MPs urge Ofcom and industry to push 4G auction on


Ofcom and mobile operators need to ensure the 4G auction takes place as soon as possible so the UK does not fall behind competing nations, MPs urged today.

A report from the Culture, Media and Sport Committee gave Ofcom its backing in how the regulator has handled the auction, despite delays to the sell-off.

The committee said Ofcom had been doing an admirable job in response to industry in-fighting over how the auction was being run.

"Ofcom has had a very difficult job adjudicating between competing and polarised interests, and we are concerned that constant disagreement and special pleading from the four mobile network operators appears to have further delayed the spectrum auction," said John Whittingdale MP, chair of the committee.

"We believe that the basic rules for the auction which Ofcom has laid down are sensible and fair, and that further delays will result in the UK falling further behind in this vital area. The auction needs to proceed as soon as possible."

However, the report suggested Ofcom could push industry to go further in spreading mobile broadband into rural areas.

"We believe that Ofcom needs to go further than it currently proposes by setting a condition that at least one of the new licence holders must achieve 98 per cent coverage across the country," Whittingdale added.

Everything Everywhere concerns

MPs also raised concerns over Everything Everywhere's sale of 1800MHz spectrum, which it currently licenses from the Government.

"Where a mobile provider is set to gain a windfall from the sale of what was originally a public asset, Government and Ofcom should find a way to ensure that at least some of the proceeds are invested for public benefit," MPs said.

Everything Everywhere said it was going to use funds acquired from the sale to benefit customers.

"As part of the merger of Orange and T-Mobile to create Everything Everywhere, we are required to sell some 1800MHz spectrum, for which we pay 33 million in license fees to government each year," an Everything Everywhere spokesperson said.

"It is our intention that all proceeds from the sale of this spectrum will be invested into our UK network to benefit our customers across the country."

Industry bickering

Mobile operators have been squabbling with one another over how the auction is being handled. Earlier this year, 3 and Everything Everywhere raised concerns Vodafone and O2 had gained an unfair advantage in being allowed to use their 900MHz spectrum for 3G use.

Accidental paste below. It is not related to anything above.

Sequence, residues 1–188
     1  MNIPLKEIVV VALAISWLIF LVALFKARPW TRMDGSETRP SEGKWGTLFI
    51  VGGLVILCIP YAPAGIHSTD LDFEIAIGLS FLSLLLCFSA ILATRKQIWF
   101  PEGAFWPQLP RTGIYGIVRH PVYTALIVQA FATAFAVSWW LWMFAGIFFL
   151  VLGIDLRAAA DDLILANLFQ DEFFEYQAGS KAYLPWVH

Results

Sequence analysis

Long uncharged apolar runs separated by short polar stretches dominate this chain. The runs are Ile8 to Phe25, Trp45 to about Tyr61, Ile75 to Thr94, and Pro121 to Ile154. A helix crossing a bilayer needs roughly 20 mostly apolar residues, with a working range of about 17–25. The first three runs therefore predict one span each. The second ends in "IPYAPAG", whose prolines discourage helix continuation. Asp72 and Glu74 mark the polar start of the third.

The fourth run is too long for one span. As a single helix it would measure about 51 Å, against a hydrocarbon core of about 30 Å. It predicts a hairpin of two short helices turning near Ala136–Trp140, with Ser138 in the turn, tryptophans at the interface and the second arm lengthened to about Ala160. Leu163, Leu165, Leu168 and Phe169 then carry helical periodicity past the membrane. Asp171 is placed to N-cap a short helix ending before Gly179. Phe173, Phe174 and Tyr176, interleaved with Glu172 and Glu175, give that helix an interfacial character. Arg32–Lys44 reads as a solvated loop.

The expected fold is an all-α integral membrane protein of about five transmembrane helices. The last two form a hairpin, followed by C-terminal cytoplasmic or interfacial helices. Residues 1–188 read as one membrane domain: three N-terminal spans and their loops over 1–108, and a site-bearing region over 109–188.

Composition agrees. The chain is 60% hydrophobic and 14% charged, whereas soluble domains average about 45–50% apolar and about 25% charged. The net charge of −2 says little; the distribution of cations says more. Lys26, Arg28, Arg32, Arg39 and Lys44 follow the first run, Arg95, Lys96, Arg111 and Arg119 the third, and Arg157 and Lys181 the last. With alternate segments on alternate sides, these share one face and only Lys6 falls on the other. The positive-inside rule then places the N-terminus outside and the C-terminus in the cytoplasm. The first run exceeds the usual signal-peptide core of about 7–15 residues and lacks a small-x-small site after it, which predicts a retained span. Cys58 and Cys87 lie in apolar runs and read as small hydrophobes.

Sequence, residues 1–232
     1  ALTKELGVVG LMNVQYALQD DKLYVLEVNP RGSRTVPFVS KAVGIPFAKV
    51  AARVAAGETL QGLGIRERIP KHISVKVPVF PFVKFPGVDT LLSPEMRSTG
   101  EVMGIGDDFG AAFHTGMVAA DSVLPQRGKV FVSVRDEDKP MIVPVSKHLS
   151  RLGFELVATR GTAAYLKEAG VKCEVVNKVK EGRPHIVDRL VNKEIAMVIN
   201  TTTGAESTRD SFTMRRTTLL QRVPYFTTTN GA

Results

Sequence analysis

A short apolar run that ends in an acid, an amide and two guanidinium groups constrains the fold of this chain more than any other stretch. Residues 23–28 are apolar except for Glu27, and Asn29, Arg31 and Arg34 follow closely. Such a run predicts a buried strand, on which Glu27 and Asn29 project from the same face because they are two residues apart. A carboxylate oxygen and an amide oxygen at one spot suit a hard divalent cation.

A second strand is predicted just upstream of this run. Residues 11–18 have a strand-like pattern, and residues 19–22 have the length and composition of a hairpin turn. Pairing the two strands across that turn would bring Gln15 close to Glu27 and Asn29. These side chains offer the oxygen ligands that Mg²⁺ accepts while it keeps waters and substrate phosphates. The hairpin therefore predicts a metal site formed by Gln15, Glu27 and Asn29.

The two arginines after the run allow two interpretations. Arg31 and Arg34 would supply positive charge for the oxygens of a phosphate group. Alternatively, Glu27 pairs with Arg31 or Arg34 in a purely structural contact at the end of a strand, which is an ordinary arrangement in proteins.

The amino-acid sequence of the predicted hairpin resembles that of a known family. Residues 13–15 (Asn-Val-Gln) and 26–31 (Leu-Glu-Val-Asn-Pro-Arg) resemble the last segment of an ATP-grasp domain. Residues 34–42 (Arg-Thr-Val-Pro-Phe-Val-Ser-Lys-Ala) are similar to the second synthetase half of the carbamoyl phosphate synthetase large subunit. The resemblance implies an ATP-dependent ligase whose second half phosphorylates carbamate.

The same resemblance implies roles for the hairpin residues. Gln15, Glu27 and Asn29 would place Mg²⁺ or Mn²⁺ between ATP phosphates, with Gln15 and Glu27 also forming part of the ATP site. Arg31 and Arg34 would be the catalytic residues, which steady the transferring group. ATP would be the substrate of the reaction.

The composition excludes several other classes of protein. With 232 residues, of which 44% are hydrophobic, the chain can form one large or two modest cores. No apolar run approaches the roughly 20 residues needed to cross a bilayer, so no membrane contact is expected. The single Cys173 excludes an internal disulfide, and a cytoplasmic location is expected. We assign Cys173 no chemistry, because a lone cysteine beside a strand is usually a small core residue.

Vodafone and O2 then said they were worried about auction floors, which were introduced by Ofcom to ensure at least four operators got a slice of the spectrum that is due to go on sale in late 2012.

MPs said Ofcom had chosen the right option in both cases, however.

"The committee examined the issue of some operators using their allocated second generation (2G) bandwidth for third generation (3G) mobile services, and concludes that this liberalisation has not permanently distorted the market in favour of those licence holders," the committee said.

"The committee agrees that Ofcom's proposals to implement spectrum caps and floors at the auction is the best viable option to ensure competition in the spectrum market place."

Ofcom believes delays to the actual auction will not harm rollout in the UK as this will not be possible until 2013 at the earliest.

The regulator is currently exploring operators' comments on the auction. O2 said it is planning on issuing fresh consultation documents soon.

Tom Brewster

Tom Brewster is currently an associate editor at Forbes and an award-winning journalist who covers cyber security, surveillance, and privacy. Starting his career at ITPro as a staff writer and working up to a senior staff writer role, Tom has been covering the tech industry for more than ten years and is considered one of the leading journalists in his specialism.

He is a proud alum of the University of Sheffield where he secured an undergraduate degree in English Literature before undertaking a certification from General Assembly in web development.